It was also possible to order an ‘N1’ model designed for home-market Group N1 racing, and this could be based on either the standard GT-R or the V-spec/V-spec II. Just 245 were made, and all were painted Crystal White and featured an uprated engine with steel-wheeled turbos and elements of the Nismo’s aero kit. ABS, the stereo, the rear wiper and the air con were deleted.

What we said

evo 157 – Dickie Meaden 

These-old GT-Rs all have the same sense of quality and tremendously robust mechanicals. The engine starts with a deep rumble and settles into a rock-solid idle. The clutch is firm and the gearshift of the manual ’box is magnificently mechanical, with zero slack and maximum precision. The steering is power assisted; once up to speed it feels weighty and immediate. Already this car’s sense of purpose is unmistakable.

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The engine is a real character, snorts and chuffs and tis-choo sneezes coming with each squeeze and relax of the throttle. It builds revs slowly at first, but once the turbos begin to blow there's a hardening of the engine note and more insistent embrace from the forces of accelerative G.

Be calm with the steering, make one smooth input and the Skyline tracks straight and true, but there’s no question the real fun – and some truly outrageous handling characteristics – can be fully enjoyed in the low- and medium-speed corners. If you want a truly unique driving experience, the R32 is hard to beat.

evo 196 – Dickie Meaden

There’s a delicious weight and substance to the controls and damping. Dancing along the snaking, lumpen tarmac that coils its way across Black Mountain in Wales, the car feels brilliantly alert, agile and easily placed between the unforgiving rocks that line the margins of the road. The steering weight and response are perfectly judged, as are the size and feel of the steering wheel itself. This car is a pleasure to steer.

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There’s plenty of grip and poise initially as you turn in, but as you push that bit harder and attack the remainder of the corner under power, you get a strange crabbing sensation as the R32 slides its tail enough to require corrective look, yet also pulls from the front. It’s totally unlike any other car, and something that makes you catch your breath the first few times it happens. You don't even need to be going that fast for it to do it. Keep your foot in and you can deal with the remainder of the corner as you would in a rear driver by balancing the throttle and steering, but still it requires familiarity and confidence to allow that initially unnerving yaw moment to develop sufficiently to exploit and control.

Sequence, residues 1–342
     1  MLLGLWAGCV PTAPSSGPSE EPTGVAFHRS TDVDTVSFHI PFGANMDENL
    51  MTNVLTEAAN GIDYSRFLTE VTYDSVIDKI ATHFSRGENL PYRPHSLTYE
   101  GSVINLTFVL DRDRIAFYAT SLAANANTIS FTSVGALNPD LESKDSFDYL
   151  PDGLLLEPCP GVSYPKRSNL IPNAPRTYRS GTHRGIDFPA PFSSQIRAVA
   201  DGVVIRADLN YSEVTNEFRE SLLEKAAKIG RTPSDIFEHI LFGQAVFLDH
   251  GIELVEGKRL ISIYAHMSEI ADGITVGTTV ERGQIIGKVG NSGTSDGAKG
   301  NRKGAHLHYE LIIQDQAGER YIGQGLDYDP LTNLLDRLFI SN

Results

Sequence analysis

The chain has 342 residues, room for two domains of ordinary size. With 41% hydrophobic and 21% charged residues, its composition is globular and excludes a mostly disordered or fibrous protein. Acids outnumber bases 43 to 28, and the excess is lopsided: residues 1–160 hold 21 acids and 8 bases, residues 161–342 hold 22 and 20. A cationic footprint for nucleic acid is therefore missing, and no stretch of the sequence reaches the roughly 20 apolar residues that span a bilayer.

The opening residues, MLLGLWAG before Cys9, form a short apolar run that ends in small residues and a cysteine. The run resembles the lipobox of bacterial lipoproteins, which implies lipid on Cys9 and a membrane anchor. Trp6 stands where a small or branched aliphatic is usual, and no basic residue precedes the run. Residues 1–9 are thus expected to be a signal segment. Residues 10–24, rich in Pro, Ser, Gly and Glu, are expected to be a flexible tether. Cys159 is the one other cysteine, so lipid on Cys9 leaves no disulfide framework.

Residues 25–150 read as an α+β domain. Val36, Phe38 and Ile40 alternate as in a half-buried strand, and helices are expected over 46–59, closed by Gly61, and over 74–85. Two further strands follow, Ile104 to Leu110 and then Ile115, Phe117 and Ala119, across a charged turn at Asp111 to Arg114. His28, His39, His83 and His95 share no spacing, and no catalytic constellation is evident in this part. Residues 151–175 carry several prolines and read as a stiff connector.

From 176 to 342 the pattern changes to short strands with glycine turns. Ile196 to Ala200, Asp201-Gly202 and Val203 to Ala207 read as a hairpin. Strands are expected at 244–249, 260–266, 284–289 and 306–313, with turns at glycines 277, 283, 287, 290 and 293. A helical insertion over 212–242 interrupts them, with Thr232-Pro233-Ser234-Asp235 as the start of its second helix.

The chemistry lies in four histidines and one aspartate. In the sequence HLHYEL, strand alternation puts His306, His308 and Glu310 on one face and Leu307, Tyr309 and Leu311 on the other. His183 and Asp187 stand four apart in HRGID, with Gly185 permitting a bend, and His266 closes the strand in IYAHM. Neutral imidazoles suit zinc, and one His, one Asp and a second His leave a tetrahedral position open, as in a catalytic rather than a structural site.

This is a car with which it would take time and effort to form an intimate, intuitive bond, but crucially it’s also a car that rewards effort and empathy. If you revel in the challenge of mastering dynamics, traits and foibles, peeling back the layers before finally finding its true limits, the R32 is a car you fall for in a big way. I know I have.

What to pay

Concours: £45,000+Excellent: £30,000+Good: £23,000+Fair: £15,000


EngineIn-line 6-cyl, 2568cc, twin-turbo
Max power276bhp @ 6800rpm
Max torque260lb ft @ 4400rpm
0-62mph5.6sec (claimed)
Top speed156mph (clamied)
On sale1989-1993
Price newc£42,500 (1991)